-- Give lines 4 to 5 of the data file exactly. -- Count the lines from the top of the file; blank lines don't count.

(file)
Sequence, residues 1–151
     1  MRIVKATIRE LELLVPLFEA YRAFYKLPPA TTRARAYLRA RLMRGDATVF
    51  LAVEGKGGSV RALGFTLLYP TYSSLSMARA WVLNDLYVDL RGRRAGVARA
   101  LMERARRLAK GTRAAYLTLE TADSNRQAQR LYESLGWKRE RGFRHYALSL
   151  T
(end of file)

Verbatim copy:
   101  LMERARRLAK GTRAAYLTLE TADSNRQAQR LYESLGWKRE RGFRHYALSL
   151  T